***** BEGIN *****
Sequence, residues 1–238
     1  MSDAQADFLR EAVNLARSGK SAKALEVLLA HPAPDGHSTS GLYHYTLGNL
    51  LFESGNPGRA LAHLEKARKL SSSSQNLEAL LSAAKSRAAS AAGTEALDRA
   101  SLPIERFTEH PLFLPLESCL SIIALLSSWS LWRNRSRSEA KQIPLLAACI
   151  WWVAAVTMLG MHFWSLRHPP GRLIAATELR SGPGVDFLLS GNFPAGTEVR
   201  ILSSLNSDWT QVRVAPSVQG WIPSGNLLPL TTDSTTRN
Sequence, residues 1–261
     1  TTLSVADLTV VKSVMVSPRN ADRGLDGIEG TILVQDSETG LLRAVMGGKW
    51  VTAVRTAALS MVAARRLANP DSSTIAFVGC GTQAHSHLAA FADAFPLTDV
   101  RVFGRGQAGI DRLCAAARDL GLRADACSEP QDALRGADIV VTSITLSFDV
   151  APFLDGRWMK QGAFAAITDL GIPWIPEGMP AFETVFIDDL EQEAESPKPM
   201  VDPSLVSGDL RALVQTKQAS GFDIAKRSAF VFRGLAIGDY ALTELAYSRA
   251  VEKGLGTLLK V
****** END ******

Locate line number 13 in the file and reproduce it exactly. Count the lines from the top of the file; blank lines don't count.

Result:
   251  VEKGLGTLLK V